According to our current data, the species is found on multiple continents with collections found in Northern America (57.1%) and Europe (42.9%). On these continents, collections has been found in the WWF biomes The World Wildlife Fund (WWF) have divided the world into 867 terrestrial ecoregions. The ecoregion here is estimated by mapping from the GPS coordinates of the collection using data made available by Dinerstein et al (2017). Use this webtool to explore the ecoregions visually or see a full list of current ecoregions on Wikipedia. unknown biome (57.1%) and tundra (42.9%), specifically including the ecoregions: Unknown region (57.1%), Russian Arctic desert (28.6%) and Canadian Middle Arctic Tundra (14.3%). From collector information, it appears collections have been found only in the 4.1 Grassland – Tundra IUCN habitat We map from the collector's description of the habitat to the International Union for Conservation of Nature (IUCN)'s definition using a standardised set of rules. Please see this page for a full list of IUCN habitats..

    Within Northern America all our records are from Subarctic America (Nunavut).

    Within Europe all our records are from the North (Svalbard). Specimens have been collected from 78.5°N to 79.0°N.

  • arrow_drop_downarrow_drop_upMolecular results
    The sequences of the two Hebeloma pallidolabiatum collections are monophyletic in five out of six tested loci and supported by bootstrap in four of them. The ITS is the least suited for species identification. Two ITS sequences were obtained from the type collection, of which one is included in a H. pallidolabiatum clade and the other is part of the unresolved alpinum-complex part of the tree.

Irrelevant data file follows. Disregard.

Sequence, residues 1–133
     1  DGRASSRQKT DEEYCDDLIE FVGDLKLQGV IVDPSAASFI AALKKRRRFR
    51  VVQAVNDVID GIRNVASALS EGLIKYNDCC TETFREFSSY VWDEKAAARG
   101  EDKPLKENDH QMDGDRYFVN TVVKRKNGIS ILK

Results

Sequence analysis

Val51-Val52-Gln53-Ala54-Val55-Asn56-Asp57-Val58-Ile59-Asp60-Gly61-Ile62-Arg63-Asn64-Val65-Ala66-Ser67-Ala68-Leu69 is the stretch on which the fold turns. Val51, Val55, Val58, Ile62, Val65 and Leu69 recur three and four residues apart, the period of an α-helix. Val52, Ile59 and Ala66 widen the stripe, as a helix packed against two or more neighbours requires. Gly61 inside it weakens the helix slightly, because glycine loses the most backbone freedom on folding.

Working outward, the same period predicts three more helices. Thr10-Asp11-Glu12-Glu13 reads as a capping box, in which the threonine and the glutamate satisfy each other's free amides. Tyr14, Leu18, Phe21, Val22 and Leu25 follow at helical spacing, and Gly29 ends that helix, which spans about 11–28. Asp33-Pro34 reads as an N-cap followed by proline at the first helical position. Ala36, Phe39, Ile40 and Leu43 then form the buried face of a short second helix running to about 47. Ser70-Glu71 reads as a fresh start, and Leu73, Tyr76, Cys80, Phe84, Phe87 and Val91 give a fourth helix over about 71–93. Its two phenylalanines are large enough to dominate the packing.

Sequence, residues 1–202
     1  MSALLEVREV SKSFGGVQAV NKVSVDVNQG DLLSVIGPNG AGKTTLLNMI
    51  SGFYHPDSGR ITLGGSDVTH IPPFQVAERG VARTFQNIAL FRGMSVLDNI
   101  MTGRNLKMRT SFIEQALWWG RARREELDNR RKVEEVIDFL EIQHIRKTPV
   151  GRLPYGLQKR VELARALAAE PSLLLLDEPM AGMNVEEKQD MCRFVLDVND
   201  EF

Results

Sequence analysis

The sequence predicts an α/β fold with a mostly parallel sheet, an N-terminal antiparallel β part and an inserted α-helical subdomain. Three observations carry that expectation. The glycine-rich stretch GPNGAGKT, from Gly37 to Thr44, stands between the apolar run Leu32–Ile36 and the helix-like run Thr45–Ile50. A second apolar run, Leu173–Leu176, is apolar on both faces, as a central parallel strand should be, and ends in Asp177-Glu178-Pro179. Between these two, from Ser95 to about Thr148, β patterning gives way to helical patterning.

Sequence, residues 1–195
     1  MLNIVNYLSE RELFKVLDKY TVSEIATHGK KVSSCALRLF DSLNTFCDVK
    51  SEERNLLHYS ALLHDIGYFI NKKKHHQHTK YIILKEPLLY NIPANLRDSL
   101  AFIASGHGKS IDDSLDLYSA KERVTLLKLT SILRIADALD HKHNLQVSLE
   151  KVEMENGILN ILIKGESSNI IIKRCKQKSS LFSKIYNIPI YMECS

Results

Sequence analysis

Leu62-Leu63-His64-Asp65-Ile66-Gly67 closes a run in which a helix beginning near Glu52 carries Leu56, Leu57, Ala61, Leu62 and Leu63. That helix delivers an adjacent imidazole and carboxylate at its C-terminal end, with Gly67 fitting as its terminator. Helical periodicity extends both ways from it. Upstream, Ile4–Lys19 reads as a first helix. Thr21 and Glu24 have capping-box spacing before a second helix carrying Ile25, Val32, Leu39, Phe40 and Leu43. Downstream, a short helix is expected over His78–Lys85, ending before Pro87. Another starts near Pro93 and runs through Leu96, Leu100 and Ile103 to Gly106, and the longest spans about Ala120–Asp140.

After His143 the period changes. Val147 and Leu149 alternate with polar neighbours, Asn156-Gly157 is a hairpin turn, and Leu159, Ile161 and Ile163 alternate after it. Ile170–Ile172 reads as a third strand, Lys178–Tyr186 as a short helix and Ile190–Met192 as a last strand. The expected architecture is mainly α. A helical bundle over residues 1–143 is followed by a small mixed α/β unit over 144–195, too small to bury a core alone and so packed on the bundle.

• arrow_drop_downarrow_drop_upCommentary
    Given the shape of its cheilocystidia, Hebeloma pallidolabiatum clearly belongs to H. subsect. Crustuliniformia and was most likely not included in the intercompatibility tests of Aanen & Kuyper (1999). This taxon is macroscopically very similar to H. minus and it is likely that in the past it has been confused with this species. It can be distinguished from this species by the cheilocystidium ratio A/B which is at most 1.8; the cheilocystidia tend, on average, to be more swollen towards the base and less swollen towards the apex resulting in a lower ratio between these two measurements. Additionally, the spores of H. pallidolabiatum are on average larger than those of H. minus, which can be seen best in measurements of the spore area. Hebeloma pallidolabiatum is also morphologically and molecularly in some loci, including ITS, close to H. alpinum and these two are difficult to separate microscopically. It can normally be separated from H. alpinum on macroscopic characters, since H. pallidolabiatum is smaller with a darker coloured pileus and with fewer lamellae than H. alpinum. With regard to the other alpine/arctic species, it can be distinguished from H. aurantioumbrinum through the average width of the cheilocystidia apex which never exceeds 8.5 μm for H. aurantioumbrinum, while the average cheilocystidium apex for H. pallidolabiatum is always greater than 8.5 μm. It can be distinguished from H. louiseae by the cheilocystidium ratio A/B being at most 1.8. The separation from H. perexiguum is straightforward as the spores for H. pallidolabiatum are more ornamented and longer. Given the small number of collections on which our description is based, it is possible that our description is too narrow, but until more collections of this taxon are recorded we cannot be sure.
Geographic distribution
Phenology
  • arrow_drop_downarrow_drop_upAdditional cited collections